Monday, 21 January 2008

Speeding Merrily Along...

I was up in PJ about a week ago. Went up for my cousin, Pauline's birthday. The fact that I greatly admire Pauline for her spirit whilst dealing with difficult health issues was a major part in making the decision to drive up on Saturday for a Sunday birthday lunch and then immediately back again.

That's another story, however.

What I'd really like to talk about is how on the way up, I got my first speeding ticket in many years. I have been stopped a few times before of course, but I have not been given a ticket in over 20 years.

It may surprise you to know that I have never as much as offered a bribe either. So how did I escape when it was painfully obvious in some instances that the policeman was out looking for some extra income?

Well, all I ever did was to admit that I had done wrong, and that in that case I would be ready to pay the penalty. In all cases, the cop just gave me a warning. In one case one Chinese New Year's eve, despite being clocked at 145 km/h I got a warning and even a wish for a safe journey home and a good reunion dinner too.

I guess it always helped that I speak decent Malay. What really made the difference however, was my honest insistence that if I'd committed the offence, I would pay the penalty. When the cop realised he wasn't going to get a contribution to his wide-screen plasma TV fund, he would invariably just let me go and save himself the paperwork.

This time around he didn't. He took out his book, asked me directly for my licence and IC and gave me a ticket. He told me very politely where I could pay it and that was it.

And you know what? I was very happy indeed to be getting that ticket. The reason is simple and it has everything to do with the spirit of Celebrate Malaysia!

I've extolled personal change here often enough it must surely soon start to wear thin. This incident, however, is indeed about personal change. When you encounter corruption at a low level, what do you do? The cynic will expect it, and indeed be resigned to participating - "everyone is doing it so I will too". I find that attitude completely counter-productive, as you well know.

If we faced up to corruption with the attitude that it's wrong and we shall not, therefore, add to it, we become instead the instigators of change. OK, so you pay the fine, but you're doing what is right, and you're therefore reinforcing the concept of justice.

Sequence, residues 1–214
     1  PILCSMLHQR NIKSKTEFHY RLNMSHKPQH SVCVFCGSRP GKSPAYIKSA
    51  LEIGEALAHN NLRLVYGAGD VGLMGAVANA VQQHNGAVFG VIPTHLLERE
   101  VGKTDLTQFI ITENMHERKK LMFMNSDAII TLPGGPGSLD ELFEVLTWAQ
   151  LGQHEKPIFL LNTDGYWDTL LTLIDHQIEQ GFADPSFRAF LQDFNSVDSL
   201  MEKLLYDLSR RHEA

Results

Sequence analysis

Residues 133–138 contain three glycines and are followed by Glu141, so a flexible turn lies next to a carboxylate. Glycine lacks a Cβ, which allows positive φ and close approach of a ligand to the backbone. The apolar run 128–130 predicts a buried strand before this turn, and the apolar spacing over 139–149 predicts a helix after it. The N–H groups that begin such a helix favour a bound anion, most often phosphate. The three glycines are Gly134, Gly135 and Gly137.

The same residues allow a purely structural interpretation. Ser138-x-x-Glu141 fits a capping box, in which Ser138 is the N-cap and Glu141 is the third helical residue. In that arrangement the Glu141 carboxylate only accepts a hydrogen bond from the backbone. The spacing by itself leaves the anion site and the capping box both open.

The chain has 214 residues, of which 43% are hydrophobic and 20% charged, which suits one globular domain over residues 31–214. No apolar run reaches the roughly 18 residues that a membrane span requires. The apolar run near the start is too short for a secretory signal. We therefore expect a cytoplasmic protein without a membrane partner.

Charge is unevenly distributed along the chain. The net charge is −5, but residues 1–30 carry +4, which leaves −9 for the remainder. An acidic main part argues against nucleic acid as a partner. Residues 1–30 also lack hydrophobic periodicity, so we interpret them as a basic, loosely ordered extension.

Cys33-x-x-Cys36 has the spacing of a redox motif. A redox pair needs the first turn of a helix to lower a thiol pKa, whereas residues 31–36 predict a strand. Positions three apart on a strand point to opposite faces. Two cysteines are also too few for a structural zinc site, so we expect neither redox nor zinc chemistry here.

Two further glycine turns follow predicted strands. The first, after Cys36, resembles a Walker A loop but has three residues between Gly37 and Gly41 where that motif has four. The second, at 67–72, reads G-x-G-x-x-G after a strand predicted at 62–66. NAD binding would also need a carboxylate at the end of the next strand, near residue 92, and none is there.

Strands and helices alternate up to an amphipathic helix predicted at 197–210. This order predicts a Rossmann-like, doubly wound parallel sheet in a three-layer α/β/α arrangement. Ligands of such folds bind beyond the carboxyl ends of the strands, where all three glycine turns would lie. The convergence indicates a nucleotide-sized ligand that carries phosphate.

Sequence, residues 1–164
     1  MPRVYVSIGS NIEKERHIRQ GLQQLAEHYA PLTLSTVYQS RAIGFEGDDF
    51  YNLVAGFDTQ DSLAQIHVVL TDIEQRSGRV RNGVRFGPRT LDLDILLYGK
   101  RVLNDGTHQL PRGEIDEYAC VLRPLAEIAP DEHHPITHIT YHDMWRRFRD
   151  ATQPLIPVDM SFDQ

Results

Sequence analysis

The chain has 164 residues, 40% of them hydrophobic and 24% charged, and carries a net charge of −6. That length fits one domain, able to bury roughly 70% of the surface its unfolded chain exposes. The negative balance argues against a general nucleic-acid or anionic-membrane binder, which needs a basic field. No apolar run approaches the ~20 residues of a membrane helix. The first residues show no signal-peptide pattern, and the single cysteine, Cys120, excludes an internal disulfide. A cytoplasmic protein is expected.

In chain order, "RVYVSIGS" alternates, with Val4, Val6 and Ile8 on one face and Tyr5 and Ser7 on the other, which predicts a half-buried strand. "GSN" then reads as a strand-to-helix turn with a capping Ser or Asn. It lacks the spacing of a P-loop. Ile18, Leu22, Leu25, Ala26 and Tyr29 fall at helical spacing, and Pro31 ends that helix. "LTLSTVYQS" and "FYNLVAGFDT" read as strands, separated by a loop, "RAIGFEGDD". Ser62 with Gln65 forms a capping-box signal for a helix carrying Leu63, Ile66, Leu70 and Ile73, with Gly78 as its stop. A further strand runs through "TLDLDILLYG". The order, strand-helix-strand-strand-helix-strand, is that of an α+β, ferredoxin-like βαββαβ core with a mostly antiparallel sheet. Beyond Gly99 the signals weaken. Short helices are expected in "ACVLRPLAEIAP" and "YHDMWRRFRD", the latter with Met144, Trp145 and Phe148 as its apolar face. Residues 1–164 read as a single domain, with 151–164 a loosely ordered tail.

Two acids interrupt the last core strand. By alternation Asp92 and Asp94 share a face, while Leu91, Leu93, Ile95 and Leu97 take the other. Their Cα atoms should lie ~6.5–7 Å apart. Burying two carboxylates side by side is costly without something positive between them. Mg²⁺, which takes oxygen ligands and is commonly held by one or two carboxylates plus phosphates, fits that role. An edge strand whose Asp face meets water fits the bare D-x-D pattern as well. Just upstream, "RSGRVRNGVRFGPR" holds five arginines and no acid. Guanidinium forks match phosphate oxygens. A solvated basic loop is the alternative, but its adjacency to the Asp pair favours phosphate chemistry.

Have you heard of the song Alice's Restaurant by Arlo Guthrie? First written and performed during the height of the anti-Vietnam War protests, it was about individuals standing up to be counted and saying they will not be a part of something that was unjust.

Well, I firmly believe it works - and it always starts with one guy standing up and saying "I will have no part in this".

Doing it on my own may have made little difference over the past 20 years and the 4 or 5 times I have been stopped by cops. But, if everyone reading this who has ever bribed a cop had done the same, would it not be conceivable that perhaps the level of corruption now wouldn't be as significant as it is?

I will say this again: Cynicism is a step backwards. Only active participation makes a difference. If you want to stop corruption, stop being a part of it - stop being corrupt. It really does start with you.
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Sunday, 13 January 2008

The Cycle Begins Anew

Welcome to 2008!

Don't pay heed to anything you might hear to the contrary - it's going to be a great year!

How do I know this? Well, I reckon your situation is what you make of it. If you decide it's going to be a great year, then it will be.

That is not to say that the actual problems around you will disappear just like that. Unfortunately there is no quick fix, no magic formula that will transform the juggernaut that is our country's problems into a beautiful pumpkin. What will change however, is our desire to do something about it.